Secret Service personnel keep apace of the presidential limousine during the Inaugural Parade along Pennsylvania 20 January 2005 in Washington, DC. US President George W. Bush was sworn in for a second term as president of the United States 2 January 2005 under unprecedented security on the steps of the US Capitol.

(PAUL J. RICHARDS/AFP/Getty Images)

Two Secret Service Agents stand outside a jet as National Security Advisor Condoleezza Rice (R) is briefed on board by her deputy Stephen Hadley (L) at TSTC Airport prior to meeting with US President George W. Bush 26 July 2004 in Waco, Texas. Rice and Bush are expected to discuss the 911 Commission's report at Bush's 1,600 acre ranch in Crawford, Texas.

(STEPHEN JAFFE/AFP/Getty Images)

US Secret Service Officers from the Counter Assult Team (CAT) stand by with automatic weapons 09 October, 2003, in Manchester, New during a visit by US President George W. Bush to deliver two speeches. Bush defended his tax cut as the proper medicine for the ailing economy, and the war as the right remedy in Iraq. 'I acted because I was not about to leave the security of the American people in the hands of a madman. I was not about to stand by and wait and trust in the sanity and restraint of Saddam Hussein,' he declared.

(PAUL J. RICHARDS/AFP/Getty Images)

US Secret Service sharpshooters guard the arrival of US President Bill Clinton aboard Air Force One at Fort Lauderdale International Airport 10 December, 1999 in Fort Lauderdale, FL. The President is spending the day in Florida raising money for democratic candidates.

(TIM SLOAN/AFP/Getty Images)

Secret Service agents keep watch from a balcony in the Old Executive Office building as President Bill Clinton walked over from the White House for a meeting with a Jewish group marking the 5th anniversary of the South Lawn handshake.

(Photo by Harry Hamburg/NY Daily News Archive via Getty Images)

Caroline Kennedy & secret service agent during Caroline Kennedy Playing Tennis In Central Park at Central Park in New York City, New York, United States.

(Photo by Ron Galella/WireImage)

Secret Service agents watching Franklin Roosevelt in 1937.

(Photo by Keystone-France/Gamma-Keystone via Getty Images)

United States President Lyndon Johnson and members of the secret service exit the Marines 1 Presidential helicopter, 1965.

(Photo by Afro American Newspapers/Gado/Getty Images)

E.A. Wildy (left), of the Treasury Secret Service, gives a demonstration of Uncle Sam's latest lie detector, using M.R. Allen, secret service agent in charge of Washington, as his subject, before the United States Secret Service Men's convention here. The device, which looks like a super portable radio, is called the Keeler polygraph. Three long needles record the pulse, heart action and skin reaction of the subject on a graph. If you are not telling the truth, Uncle Sam will find out through this little instrument.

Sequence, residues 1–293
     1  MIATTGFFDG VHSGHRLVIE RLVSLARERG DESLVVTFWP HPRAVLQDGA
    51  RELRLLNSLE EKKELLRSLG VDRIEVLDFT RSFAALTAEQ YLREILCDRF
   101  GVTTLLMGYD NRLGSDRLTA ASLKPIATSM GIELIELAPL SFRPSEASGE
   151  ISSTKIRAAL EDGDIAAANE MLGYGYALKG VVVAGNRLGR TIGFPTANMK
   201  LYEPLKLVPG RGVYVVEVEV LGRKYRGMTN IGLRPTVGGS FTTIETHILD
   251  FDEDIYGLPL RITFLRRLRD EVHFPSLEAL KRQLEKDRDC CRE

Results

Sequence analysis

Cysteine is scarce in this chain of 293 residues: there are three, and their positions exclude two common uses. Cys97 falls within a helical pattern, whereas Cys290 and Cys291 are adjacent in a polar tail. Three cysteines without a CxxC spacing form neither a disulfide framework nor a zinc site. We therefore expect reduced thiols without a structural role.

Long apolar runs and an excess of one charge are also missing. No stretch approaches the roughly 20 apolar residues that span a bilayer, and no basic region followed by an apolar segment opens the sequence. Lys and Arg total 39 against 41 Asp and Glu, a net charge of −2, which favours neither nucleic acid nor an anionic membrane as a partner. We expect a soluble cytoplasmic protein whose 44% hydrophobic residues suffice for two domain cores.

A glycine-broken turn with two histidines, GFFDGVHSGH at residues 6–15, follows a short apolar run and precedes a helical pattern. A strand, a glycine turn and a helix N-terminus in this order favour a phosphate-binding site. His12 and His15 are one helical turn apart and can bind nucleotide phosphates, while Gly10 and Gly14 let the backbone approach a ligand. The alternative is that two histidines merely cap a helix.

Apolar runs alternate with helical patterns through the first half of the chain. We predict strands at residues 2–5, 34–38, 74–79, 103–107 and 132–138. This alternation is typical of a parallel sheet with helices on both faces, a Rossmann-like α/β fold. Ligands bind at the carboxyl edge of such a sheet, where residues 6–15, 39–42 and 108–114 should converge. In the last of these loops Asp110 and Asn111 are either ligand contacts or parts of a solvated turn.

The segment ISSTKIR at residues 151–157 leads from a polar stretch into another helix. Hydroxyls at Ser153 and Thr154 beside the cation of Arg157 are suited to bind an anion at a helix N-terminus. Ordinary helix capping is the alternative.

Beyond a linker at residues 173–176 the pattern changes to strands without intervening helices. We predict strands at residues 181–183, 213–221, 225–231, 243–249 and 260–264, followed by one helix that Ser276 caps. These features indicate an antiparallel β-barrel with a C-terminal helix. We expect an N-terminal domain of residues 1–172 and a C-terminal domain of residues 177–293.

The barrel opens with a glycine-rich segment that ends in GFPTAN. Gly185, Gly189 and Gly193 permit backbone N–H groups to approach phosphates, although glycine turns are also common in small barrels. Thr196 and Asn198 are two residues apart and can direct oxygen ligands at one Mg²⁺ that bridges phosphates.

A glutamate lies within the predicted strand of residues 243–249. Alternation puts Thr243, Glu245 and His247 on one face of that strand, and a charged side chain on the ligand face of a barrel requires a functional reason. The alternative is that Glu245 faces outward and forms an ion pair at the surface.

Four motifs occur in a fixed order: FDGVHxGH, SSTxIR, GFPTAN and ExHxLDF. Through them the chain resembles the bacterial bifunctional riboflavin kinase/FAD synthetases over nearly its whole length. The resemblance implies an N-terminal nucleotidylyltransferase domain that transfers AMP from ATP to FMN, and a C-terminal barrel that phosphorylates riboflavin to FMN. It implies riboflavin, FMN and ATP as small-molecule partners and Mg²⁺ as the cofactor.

(Bettmann via Getty Images)
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While Clancy said the Secret Service was making progress in hiring more agents, "we have yet to see the desired impact on our overall staffing levels due to increased attrition."

Clancy testified at a hearing to review the agency's funding needs for the fiscal year starting on Oct. 1.

Demands of the mission are peaking, he added, with Republican and Democratic presidential nominating conventions slated for this summer, the general elections in November and presidential inaugural events in January.

Carter cited the loss of 19 agents in the last four months and the large amounts of overtime hours agents have had to put in on the president's detail, on the campaign trail and in the uniformed division.

Carter, a Republican, questioned whether the service's hiring goals were "obtainable" with the agency "losing more agents than they have brought on board."

SEE ALSO: 2016 hopeful most likely to be elected president revealed

Clancy responded that the agency is exploring initiatives to lure more applicants and retain current agents.

The Secret Service was rocked in 2012 when it surfaced that some agents working a presidential trip to Colombia were involved with prostitutes. In 2014, agents failed to stop a man who jumped the White House fence, ran across the lawn and made it into the mansion before he was apprehended.

More recently, during a rally for presidential candidate Donald Trump in Radford, Virginia, a Time magazine photographer was grabbed by the neck and shoved to the ground by a Secret Service agent. An agency spokeswoman said the service is investigating the incident.

Besides protecting the president and presidential candidates, Secret Service agents investigate financial crimes such as counterfeiting of U.S. currency and credit card and fraud.

(Reporting by Clarece Polke, editing by Richard Cowan and Alan Crosby)